National Oceanic and
Atmospheric Administration
United States Department of Commerce

Understanding a unique tsunami event caused by the Tonga volcano eruption

January 21, 2022
Global map showing 56 diamond icons around the rim of the Pacific Ocean with two orange circles showing saildrone locations along the equator near South America

Map of the tropical Pacific showing the positions of DART buoys operated by NOAA and international partners as well as saildrone 1065 and 1066 relative to the Hunga Ha’apai Volcano located in the Pacific island nation of Tonga, which is an archipelago consisting of more than 170 islands. 

January 21, 2022

On January 15, 2022, the Hunga Tonga-Hunga Ha’apai volcano erupted off the coast of Tonga in the South Pacific Ocean, generating a tsunami and triggering tsunami alerts around the world. Most tsunamis are commonly caused by earthquakes and only about 5% of tsunamis are generated from volcanic activity (ITIC), making this a rare event captured by NOAA’s observing instruments. 

Buoys and Saildrone uncrewed surface vehicles additionally recorded an air pressure wave associated from the eruption. The pressure wave from the volcano explosion was detected as far as the Mediterranean Sea and traveled about 312 meters/second (697 miles per hour) and circled the Earth three times before dissipating. The Krakatau eruption in 1883 was the last event of such scale. Krakatau produced similar air pressure waves and a devastating tsunami that claimed the lives of ~36,000 people and the destruction of hundreds of coastal towns and villages.

Deep-ocean Assessment and Reporting of Tsunamis (DART) systems are strategically deployed by NOAA and international partners around the Pacific Ocean to detect tsunami waves and send data in realtime to tsunami warning centers. These systems recorded the propagating tsunami across the Pacific and prompted expansion of the tsunami alerts for many coastlines in the Pacific. Those warnings may have saved lives at many coastlines that were later flooded by the waves, some as far as the Pacific coast of Peru.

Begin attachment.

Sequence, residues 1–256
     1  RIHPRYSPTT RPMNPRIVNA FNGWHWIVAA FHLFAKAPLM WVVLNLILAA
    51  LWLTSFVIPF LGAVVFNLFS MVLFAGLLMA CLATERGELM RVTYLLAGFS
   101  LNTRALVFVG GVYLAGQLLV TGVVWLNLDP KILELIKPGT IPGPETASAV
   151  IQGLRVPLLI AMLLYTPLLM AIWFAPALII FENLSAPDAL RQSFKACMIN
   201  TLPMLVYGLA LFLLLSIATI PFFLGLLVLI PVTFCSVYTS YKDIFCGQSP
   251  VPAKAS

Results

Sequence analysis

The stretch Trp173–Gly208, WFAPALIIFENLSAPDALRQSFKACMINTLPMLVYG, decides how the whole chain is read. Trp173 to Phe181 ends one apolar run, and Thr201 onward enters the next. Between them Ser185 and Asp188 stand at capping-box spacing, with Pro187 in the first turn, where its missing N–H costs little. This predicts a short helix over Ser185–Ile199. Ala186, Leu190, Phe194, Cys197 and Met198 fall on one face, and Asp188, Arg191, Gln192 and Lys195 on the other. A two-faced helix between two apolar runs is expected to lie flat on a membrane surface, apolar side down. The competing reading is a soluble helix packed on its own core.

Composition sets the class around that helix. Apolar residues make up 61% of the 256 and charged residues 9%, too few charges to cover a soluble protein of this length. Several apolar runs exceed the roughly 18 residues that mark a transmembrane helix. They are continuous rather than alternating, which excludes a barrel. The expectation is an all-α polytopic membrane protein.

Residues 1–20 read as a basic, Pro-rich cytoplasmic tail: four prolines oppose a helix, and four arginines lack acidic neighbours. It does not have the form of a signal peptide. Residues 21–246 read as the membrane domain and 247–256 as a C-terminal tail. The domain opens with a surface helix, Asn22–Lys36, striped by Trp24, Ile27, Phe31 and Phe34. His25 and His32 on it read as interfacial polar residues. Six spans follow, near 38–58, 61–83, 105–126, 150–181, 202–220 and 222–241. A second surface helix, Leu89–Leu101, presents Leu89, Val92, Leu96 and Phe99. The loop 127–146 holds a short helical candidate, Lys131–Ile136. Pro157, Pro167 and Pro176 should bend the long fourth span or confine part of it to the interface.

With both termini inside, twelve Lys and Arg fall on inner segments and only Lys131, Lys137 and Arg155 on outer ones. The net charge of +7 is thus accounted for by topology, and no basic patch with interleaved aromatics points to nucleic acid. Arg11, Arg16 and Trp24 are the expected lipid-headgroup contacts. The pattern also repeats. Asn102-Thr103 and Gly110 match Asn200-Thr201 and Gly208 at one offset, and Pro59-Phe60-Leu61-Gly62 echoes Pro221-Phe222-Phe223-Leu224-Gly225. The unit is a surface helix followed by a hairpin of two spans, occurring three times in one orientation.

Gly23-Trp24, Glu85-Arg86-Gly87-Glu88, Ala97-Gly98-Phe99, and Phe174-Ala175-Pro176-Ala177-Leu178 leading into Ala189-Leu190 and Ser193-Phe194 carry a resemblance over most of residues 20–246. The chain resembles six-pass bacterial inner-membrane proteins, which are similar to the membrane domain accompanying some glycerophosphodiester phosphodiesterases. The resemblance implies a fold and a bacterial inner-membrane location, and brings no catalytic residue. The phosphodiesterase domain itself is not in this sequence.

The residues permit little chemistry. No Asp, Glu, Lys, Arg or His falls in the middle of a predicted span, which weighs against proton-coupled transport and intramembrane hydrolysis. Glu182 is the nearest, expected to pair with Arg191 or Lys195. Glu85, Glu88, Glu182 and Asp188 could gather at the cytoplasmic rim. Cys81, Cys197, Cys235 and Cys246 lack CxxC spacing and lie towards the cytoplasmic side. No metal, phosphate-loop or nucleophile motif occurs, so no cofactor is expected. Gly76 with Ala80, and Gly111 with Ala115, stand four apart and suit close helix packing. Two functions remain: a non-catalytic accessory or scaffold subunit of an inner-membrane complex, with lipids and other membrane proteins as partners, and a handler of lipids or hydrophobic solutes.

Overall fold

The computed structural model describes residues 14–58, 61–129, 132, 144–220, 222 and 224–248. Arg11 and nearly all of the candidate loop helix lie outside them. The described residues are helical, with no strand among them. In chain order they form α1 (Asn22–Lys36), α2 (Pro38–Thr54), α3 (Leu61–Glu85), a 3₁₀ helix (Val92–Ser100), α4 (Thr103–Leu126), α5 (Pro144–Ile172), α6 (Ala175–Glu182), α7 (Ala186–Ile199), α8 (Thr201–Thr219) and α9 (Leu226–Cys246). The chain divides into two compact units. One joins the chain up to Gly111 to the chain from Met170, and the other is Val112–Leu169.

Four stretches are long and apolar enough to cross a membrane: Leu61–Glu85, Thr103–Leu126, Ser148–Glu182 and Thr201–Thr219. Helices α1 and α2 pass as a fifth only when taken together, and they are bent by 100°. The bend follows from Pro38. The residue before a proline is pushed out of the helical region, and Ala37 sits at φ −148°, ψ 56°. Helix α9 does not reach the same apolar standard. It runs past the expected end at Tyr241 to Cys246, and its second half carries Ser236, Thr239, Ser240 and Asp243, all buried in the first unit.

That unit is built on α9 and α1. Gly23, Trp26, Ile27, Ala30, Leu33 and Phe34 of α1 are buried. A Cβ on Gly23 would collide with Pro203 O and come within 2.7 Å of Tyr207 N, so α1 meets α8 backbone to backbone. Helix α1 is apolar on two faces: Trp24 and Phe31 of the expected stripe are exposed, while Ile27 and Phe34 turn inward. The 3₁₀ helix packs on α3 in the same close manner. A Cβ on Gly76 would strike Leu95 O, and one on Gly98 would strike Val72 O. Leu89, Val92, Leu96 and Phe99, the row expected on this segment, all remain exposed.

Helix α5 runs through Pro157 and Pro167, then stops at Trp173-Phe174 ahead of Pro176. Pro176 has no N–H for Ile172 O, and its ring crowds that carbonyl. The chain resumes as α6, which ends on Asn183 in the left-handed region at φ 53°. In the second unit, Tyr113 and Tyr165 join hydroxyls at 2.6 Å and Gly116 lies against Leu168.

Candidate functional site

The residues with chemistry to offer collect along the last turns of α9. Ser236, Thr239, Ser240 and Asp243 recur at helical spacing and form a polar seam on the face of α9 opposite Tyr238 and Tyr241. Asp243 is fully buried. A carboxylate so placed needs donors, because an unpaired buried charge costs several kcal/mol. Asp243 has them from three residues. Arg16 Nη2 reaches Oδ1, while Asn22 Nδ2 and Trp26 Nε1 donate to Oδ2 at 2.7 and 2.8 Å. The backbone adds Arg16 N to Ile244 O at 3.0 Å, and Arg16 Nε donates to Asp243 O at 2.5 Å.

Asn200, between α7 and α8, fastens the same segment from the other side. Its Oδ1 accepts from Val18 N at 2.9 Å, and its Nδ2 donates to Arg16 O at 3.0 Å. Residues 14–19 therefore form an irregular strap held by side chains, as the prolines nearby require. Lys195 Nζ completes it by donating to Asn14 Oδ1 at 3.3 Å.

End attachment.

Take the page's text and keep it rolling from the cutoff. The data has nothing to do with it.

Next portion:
Along with the tsunami wave amplitudes measured by the DART system, the atmospheric pressure wave associated with a shock-wave emanating from the volcano explosion was measured. The air pressure signal detected by weather station buoys is the leading signature before the tsunami wave train and may provide clues for the mechanism of this unusual tsunami generation. However, given that the pressure signal mixed with the tsunami amplitudes in the data, high-resolution air pressure measurements are needed to decipher the DART tsunami records.

Coincidentally, two NOAA-Saildrone drones were approximately 3500 nautical miles (~4028 miles) away from the eruption, the distance to drive between Anchorage, Alaska and Miami, Florida, in the eastern tropical Pacific Ocean. The two drones are part of a 6-month, ongoing Tropical Pacific Observing System (TPOS) mission targeting the eastern tropical Pacific hurricane genesis region and El Niño Southern Oscillation (ENSO) development. The two drones were able to detect an atmospheric pressure jump in high-resolution measurements, capturing crucial information associated with the remote volcanic activity in an observationally-sparse region of the ocean for post-analysis with the DART tsunami records.

The phenomena recorded in the data is unique and additional research and development is needed to accommodate these types of tsunami events in the model used to forecast tsunami events. PMEL tsunami researchers are analyzing the data from the various platforms to get a better understanding of this rare event. 

PMEL has also previously studied the dynamics of a smaller scale eruptive activity of this volcano using acoustic data and will uncover and analyze additional acoustic data from hydrophones deployed across the Pacific when they are recovered later this year. 

Read more on the TPOS 2021 Saildrone Mission on the blog page

More about the event can be found on the PMEL Tsunami Research group events page.